Survey observations of c-C2H4O and CH3CHO toward massive star-forming regions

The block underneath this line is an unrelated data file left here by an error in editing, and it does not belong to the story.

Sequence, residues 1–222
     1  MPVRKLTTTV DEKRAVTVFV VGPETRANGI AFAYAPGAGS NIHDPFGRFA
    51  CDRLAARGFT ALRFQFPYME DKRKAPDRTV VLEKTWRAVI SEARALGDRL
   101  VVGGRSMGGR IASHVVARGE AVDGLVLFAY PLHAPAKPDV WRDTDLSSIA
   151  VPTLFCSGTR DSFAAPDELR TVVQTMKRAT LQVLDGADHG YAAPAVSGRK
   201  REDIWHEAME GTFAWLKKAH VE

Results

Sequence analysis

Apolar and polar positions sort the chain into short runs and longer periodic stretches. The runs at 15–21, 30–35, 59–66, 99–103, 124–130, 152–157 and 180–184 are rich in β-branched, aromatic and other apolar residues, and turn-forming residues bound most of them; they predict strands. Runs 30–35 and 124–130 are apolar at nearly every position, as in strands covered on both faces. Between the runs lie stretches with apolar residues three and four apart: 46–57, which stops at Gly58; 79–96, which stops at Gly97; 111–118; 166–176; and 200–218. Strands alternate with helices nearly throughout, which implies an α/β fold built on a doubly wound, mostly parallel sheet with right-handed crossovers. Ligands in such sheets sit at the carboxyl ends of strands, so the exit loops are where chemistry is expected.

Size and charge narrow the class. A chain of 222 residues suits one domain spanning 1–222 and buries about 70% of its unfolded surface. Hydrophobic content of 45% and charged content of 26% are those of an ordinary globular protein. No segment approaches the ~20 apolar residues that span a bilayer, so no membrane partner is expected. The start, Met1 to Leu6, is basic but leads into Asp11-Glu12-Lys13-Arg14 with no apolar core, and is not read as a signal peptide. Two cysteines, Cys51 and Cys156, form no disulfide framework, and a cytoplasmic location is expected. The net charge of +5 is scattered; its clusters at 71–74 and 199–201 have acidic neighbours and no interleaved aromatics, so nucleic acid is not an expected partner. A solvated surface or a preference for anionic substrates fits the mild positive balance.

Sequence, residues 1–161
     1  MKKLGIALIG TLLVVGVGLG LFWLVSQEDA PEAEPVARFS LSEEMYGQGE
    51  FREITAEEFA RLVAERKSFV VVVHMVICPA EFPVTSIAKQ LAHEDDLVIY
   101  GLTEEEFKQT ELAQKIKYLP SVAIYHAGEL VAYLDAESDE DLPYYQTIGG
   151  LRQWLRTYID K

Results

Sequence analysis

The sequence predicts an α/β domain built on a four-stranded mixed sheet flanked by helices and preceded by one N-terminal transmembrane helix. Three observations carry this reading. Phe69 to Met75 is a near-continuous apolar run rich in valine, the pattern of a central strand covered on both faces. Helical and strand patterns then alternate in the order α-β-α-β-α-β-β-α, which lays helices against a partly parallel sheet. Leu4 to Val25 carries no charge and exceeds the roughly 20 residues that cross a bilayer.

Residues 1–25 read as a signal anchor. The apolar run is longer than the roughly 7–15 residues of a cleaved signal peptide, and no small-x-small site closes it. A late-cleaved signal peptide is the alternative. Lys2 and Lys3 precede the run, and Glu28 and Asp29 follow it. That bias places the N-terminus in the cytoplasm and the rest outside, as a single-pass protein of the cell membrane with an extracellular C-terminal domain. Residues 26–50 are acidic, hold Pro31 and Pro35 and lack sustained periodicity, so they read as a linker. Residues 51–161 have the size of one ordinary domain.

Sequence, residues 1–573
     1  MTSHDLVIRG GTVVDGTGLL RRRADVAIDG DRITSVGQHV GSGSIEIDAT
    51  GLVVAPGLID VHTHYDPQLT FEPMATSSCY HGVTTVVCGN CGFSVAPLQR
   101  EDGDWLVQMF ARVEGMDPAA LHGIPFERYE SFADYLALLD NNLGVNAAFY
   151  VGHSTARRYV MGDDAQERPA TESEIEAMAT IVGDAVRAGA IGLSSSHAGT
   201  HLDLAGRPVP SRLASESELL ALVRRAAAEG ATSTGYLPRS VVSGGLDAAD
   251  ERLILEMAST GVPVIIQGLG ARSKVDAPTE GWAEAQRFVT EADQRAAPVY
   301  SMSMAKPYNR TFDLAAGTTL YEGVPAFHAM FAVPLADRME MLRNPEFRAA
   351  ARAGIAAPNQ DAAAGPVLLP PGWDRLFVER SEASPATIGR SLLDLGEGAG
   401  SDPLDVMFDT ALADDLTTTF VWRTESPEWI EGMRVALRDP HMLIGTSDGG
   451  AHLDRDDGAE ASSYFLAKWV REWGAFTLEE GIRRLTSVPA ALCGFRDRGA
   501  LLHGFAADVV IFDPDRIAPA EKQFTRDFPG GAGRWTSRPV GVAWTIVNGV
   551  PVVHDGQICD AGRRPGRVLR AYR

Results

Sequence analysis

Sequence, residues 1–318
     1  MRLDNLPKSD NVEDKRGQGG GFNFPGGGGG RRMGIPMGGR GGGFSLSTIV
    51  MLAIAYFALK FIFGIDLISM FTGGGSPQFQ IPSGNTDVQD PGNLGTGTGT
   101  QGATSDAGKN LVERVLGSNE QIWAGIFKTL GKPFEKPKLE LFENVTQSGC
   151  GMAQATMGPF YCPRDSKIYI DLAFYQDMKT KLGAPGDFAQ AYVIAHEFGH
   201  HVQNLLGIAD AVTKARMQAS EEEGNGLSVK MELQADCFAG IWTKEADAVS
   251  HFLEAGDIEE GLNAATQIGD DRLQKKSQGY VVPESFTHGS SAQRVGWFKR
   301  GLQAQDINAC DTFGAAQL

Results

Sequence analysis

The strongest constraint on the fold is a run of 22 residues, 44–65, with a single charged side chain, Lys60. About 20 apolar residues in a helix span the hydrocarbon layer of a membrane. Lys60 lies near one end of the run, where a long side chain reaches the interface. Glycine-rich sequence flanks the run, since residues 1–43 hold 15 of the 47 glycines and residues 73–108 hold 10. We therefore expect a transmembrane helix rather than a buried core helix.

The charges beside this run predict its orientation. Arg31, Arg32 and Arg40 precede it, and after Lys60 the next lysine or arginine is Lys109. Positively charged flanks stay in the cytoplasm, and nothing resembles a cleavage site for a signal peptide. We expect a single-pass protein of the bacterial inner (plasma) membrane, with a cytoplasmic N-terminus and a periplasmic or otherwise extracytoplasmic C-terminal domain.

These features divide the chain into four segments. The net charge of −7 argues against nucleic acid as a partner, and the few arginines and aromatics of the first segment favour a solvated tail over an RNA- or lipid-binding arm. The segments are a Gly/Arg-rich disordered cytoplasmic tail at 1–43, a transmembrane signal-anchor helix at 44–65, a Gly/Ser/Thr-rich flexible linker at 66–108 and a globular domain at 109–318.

In order to clarify the formation mechanisms of ethylene oxide (cyclic-C2H4O, hereafter c-C2H4O) and its structural isomer acetaldehyde (CH3CHO), we carried out survey observations of these two molecules toward 20 massive star-forming regions and two dark clouds. CH3CHO and c-C2H4O were detected in 10 massive star-forming regions, and CH3CHO was also detected in five others. The column densities and the rotational temperatures were derived using the rotation diagram method. The column densities of these molecules were derived to be (0.1-3.3) × 1014 and (0.2-5.0) × 1014 cm-2 for c-C2H4O and CH3CHO, respectively. The fractional abundances with respect to H2 are X(c-C2H4O) = 4 × 10-11 to 6 × 10-10 and X(CH3CHO) = 7 × 10-12 to 3 × 10-9. We also detected several transitions of methanol (CH3OH), ethanol (C2H5OH), dimethyl ether [(CH3)2O], methyl formate (HCOOCH3), formic acid (HCOOH), vinyl cyanide (C2H3CN), and ethyl cyanide (C2H5CN). Comparing the abundances of the detected molecules with physical conditions of each source, we found that the abundances of most of the molecules except for c-C2H4O and CH3CHO increase along with the dust temperature of each source. On the other hand, the abundances of c-C2H4O and CH3CHO show little correlation with the dust temperature. The rotation temperatures of c-C2H4O, CH3CHO, and HCOOH are low (10-40 K) in all sources in spite of the fact that the gas kinetic temperature greatly varies from cloud to cloud. This may indicate that the line emission from each molecular species is excited in regions with different physical conditions. We performed pseudo-time-dependent chemical reaction simulations based on pure gas-phase reactions and found that the calculated abundances of observed molecules decreased when the gas kinetic temperature was raised. We investigated the relationship between the column density of C2H5OH and that of the C2H4O group (c-C2H4O + CH3CHO) because C2H5OH is believed to be a precursor of c-C2H4O and CH3CHO in the gas-phase chemistry scheme. If this hypothesis is correct, it is expected that the column density of C2H5OH is related to that of the C2H4O group. We found that the column density of the C2H4O group is high in sources where the column density of C2H5OH is high. This result is consistent with the above-mentioned hypothesis. We also investigated the relationships between the column densities of several organic species [CH3OH, C2H5OH, (CH3)2O, HCOOCH3, C2H3CN, and C2H5CN] and the luminosity-to-mass ratio, LIR/M, in OMC-1, W51A, and Sgr B2(N). We found that the column densities of these molecules are high in sources where LIR/M is high. Since LIR/M is believed to be a measure of the star formation rate per unit mass, it indicates that the column densities of these molecules become higher in sources where high star formation activity leads to a higher dust temperature. This strongly suggests that the formation of these molecules involves processes on the dust grains and subsequent sublimation to the gas phase, where they can be observed.
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